Discovery paves way to broad range of applications in pharmaceuticals, agri-food and biotech.
A team of researchers led by University of Ottawa Professor Roberto Chica of the Department of Chemistry and Biomolecular Sciences has developed a way to solve a long-held biotechnology limitation by creating “flexible” engineered proteins — or designer proteins — that can modify their structure to meet a desired function.
Proteins are used in a wide range of applications in industry, medicine and research. Enzymes, a type of protein, play an essential role in the production of drugs for the treatment of diabetes, for example. Proteins are also involved in the manufacture of portable disease diagnostic devices and even lactose-free milk.
However, proteins found in nature often have features that limit their efficiency in certain desired applications, such as the enzymes in clothing detergents, which need to be tailored to operate in specific temperature ranges, pH levels and in combination with other chemicals.
This is where protein engineering comes into play.
“Proteins found in nature are dynamic molecules that often undergo structural changes in order to carry out the complex molecular processes required for life,” explains Professor Chica. “Just like machines, proteins need to move to accomplish their tasks. However, this has been difficult to reproduce with engineered proteins. The standard laboratory techniques to engineer proteins could only produce static or ‘rigid’ proteins that are exponentially less efficient than ‘flexible’ natural proteins.”
Devising a computational method called meta-multistate design, Professor Chica and his team created “flexible” proteins, aptly named DANCERs (which stands for dynamic and native conformational exchangers), that spontaneously change between two target structures, paving the way for more complex protein functions than previously possible.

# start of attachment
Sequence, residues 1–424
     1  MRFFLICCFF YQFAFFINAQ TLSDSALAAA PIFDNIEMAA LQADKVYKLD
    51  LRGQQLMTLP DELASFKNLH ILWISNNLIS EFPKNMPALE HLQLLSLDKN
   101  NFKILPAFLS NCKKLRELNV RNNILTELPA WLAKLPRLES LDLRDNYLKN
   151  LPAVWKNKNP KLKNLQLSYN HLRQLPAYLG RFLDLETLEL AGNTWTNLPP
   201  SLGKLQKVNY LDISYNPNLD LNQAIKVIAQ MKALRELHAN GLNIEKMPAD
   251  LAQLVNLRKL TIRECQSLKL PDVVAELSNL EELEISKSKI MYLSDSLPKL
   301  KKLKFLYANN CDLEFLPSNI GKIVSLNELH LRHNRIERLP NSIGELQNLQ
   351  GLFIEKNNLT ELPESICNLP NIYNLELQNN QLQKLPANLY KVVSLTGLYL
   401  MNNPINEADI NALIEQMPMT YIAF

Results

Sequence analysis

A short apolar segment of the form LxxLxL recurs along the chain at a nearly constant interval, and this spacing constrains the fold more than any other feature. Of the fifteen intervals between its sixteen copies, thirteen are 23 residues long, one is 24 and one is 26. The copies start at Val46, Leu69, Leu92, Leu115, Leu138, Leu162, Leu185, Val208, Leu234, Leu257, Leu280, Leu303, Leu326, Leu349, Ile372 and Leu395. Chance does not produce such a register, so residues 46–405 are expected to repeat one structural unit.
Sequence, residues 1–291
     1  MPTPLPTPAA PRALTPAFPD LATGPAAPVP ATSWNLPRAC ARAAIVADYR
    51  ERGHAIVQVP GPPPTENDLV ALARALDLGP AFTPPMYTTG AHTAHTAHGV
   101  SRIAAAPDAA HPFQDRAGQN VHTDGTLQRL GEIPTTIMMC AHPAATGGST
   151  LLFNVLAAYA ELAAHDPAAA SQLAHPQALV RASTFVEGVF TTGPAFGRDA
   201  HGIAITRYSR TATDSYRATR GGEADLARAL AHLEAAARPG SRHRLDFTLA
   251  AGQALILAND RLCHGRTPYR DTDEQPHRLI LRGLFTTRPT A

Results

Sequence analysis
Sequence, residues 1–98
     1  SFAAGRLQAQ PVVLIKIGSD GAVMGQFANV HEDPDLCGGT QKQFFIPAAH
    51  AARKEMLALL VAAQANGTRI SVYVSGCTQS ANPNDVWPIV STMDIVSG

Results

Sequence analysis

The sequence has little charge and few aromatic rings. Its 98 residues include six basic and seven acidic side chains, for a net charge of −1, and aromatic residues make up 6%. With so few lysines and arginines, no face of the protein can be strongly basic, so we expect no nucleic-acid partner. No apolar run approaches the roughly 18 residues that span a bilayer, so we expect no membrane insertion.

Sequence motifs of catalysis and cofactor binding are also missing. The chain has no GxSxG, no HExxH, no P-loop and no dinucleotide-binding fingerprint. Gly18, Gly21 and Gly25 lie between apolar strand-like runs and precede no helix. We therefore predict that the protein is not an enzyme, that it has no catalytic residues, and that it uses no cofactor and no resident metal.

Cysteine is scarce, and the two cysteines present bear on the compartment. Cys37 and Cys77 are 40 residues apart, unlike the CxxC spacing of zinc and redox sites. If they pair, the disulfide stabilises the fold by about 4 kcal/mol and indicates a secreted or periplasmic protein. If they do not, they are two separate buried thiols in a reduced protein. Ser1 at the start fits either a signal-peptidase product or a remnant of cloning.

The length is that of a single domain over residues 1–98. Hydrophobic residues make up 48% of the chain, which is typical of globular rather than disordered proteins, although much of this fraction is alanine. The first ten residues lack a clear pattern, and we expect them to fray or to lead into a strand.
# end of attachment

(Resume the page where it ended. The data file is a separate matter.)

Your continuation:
“Our discovery opens the door to the development of sustainable, efficient and affordable designer proteins to help address or solve a multitude of issues,” adds Chica.
Whether for the production of biofuels, antibodies or pest-resistant crops, Canada’s bio-economy sector, estimated at $80 billion annually and which supports more than 1 million jobs, relies heavily on a number of technologies that require laboratory engineered proteins. The ability to design protein machines with enhanced functionalities will help the Canadian bio-economy meet the increasing demands it faces that result from climate change and an ever-increasing world population.
Read the research article, Rational design of proteins that exchange on functional timescales, published in Nature Chemical Biology (2017, volume 13, pp. 1280–1285)
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